One of the nice side benefits of diving into a third-party lens offering is that it provides focal lengths out of the norm. The Sigma 30mm f/1.4 DC HSM Art offers a slightly wider view than a traditional 35mm prime, while also providing a 48mm viewpoint on crop sensor cameras. This focal length is just a touch wider than the other standard of 50mm.
While the 30mm looks reasonably compact, it still weighs in at 435g due to all that glass contained inside. Optically the arrangement consists of nine elements in eight groups, with one aspherical element, plus Sigma’s Super Multi-Layer Coating for increased image quality.
The Hyper Sonic autofocus motor, as found on the rest of the Art series, has been included, which is quick and quiet enough for both stills and video use. The system provides a manual focus override, with a very smooth-to-turn focusing ring.
The 30mm f/1.4 is exactly what you would expect from the Art series, providing great sharpness at the widest apertures. Used as a general walkabout lens, the 30mm f/1.4 with a slightly widened viewpoint is great for environmental shots and a great way to capture sharp street photography.
4. Sigma 105mm f/2.8 EX DG OS HSM Macro (Budget Winner)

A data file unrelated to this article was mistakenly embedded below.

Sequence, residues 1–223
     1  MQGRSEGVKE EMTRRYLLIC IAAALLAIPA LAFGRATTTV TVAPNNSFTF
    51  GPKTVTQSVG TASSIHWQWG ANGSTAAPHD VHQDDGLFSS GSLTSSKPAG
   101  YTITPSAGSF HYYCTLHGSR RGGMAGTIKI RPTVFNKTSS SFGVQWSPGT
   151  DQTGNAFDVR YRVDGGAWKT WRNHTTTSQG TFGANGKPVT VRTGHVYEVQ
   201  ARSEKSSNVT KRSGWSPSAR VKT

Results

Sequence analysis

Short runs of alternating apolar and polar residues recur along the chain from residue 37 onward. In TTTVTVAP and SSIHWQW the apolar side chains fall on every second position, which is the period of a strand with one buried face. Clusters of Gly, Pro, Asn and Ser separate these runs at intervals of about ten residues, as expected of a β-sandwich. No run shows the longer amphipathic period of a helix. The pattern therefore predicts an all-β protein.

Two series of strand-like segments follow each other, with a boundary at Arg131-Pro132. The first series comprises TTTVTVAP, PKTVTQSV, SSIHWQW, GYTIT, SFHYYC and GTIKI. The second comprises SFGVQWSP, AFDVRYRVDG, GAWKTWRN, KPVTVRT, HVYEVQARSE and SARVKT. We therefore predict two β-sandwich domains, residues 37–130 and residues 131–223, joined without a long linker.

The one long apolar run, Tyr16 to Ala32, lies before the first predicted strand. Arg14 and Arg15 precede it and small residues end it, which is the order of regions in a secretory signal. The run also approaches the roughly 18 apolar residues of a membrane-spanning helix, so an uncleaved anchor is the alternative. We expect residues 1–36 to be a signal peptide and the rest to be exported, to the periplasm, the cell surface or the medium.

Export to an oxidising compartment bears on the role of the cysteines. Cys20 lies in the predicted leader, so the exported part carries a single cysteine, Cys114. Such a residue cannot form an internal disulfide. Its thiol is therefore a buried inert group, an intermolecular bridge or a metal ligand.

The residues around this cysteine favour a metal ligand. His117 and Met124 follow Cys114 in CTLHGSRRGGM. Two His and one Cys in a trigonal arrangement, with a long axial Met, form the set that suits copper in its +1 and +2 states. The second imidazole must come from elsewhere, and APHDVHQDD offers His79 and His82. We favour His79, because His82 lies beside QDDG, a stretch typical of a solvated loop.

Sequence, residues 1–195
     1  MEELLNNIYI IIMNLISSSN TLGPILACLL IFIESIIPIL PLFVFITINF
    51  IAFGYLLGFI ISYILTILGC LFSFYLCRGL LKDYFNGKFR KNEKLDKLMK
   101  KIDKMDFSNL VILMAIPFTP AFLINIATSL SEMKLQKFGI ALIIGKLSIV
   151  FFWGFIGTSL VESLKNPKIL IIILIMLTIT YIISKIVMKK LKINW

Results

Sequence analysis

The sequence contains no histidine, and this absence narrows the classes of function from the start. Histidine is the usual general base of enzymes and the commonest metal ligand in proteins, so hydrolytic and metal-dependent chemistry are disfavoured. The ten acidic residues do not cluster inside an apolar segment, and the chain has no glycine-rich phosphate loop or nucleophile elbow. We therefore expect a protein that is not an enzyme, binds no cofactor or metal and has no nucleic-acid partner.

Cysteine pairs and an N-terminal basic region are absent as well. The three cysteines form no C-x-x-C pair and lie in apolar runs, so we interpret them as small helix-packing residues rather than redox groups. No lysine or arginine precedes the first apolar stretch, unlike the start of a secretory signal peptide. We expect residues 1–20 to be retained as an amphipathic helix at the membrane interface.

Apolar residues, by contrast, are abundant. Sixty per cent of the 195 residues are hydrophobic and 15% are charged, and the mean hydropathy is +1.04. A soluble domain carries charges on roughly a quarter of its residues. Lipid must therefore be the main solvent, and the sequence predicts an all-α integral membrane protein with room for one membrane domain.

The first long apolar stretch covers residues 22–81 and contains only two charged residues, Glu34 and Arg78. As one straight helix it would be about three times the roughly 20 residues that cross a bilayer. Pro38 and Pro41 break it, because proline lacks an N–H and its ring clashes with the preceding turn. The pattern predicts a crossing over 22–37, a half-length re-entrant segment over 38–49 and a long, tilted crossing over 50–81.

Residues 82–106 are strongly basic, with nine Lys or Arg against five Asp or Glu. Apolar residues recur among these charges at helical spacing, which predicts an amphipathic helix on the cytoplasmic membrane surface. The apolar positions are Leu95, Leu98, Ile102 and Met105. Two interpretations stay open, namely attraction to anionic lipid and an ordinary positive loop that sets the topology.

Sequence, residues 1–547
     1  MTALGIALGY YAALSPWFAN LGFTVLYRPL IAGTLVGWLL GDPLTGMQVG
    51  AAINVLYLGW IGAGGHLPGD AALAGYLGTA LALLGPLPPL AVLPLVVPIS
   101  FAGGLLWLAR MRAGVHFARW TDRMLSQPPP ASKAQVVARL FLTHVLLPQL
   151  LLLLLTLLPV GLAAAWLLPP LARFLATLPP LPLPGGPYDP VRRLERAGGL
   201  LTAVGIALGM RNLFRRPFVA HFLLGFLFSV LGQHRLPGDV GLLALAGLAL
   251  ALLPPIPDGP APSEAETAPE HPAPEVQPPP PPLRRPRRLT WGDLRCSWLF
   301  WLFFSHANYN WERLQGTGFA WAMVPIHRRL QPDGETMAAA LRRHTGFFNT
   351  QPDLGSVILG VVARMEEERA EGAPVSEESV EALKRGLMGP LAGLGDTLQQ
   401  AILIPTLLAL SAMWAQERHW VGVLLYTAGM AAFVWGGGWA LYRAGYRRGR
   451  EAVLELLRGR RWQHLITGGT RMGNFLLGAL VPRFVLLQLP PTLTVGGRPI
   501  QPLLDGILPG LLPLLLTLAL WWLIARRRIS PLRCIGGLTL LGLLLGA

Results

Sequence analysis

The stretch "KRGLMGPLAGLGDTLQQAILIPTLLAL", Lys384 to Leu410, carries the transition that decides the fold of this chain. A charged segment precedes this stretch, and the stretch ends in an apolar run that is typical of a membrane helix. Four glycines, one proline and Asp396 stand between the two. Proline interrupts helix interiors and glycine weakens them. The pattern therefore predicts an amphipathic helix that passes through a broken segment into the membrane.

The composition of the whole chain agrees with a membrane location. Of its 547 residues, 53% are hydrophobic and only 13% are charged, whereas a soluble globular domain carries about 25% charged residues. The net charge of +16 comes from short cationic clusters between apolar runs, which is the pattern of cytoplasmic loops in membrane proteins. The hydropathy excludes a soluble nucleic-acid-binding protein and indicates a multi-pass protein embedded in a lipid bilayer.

The weird thing about the Sigma 105mm f/2.8 EX DG OS HSM Macro is that depending on where you shop, the lens can be picked up for a cheap price or one that falls over our budget limit. We found a tasty example for under $400, which is a good price point if you need a short telephoto lens. A handy bonus is that this lens also offers macro abilities.
When the lens is strapped to crop sensor camera bodies, it provides a 157.5mm equivalent focal length. Weight-wise, the lens comes in at 725g, which is not exactly lightweight. But considering it’s doing two jobs in one package, the weight-bearing is a small factor in its overall usage.
The glass arrangement consists of two special low dispersion elements, with the usual super multilayer coating for increased image quality, with all the individual elements wrapped around a floating element system to maintain image quality. One other nice inclusion is an optical stabilization system, which helps out for those distant images. While the lens barrel isn’t waterproofed, it feels solid enough for careful regular use.
The macro side of things provides a reproduction ratio of 1:1, with a close focusing distance of 31.2cm. This in itself is a great solution for capturing the smallest of subjects. If you need a lens with a reasonable stretch that can also cover macro photography, this lens will provide you all the quality you need within this budget zone.
Zeroing in on the Best Sigma Prime Lenses Under $500
As originally stated, if you’re juggling with a budget of $500, a third-party prime lens from Sigma is a great starting point. It may initially feel counter-intuitive to not have zoom ability, but what you gain in the areas of added sharpness and increased aperture widths, more than makes up for having to walk forward and backward a few times.
As shown by the Sigma prime lenses under $500 above, these lenses don’t just come in at a cheap price point, but also offer great optics that will provide years of fun. Sigma’s Art range may be considered the best quality versions, but don’t discount the Contemporary line as a second-best, as all the lenses in this range still provide great use in the field while being extremely good value for the money.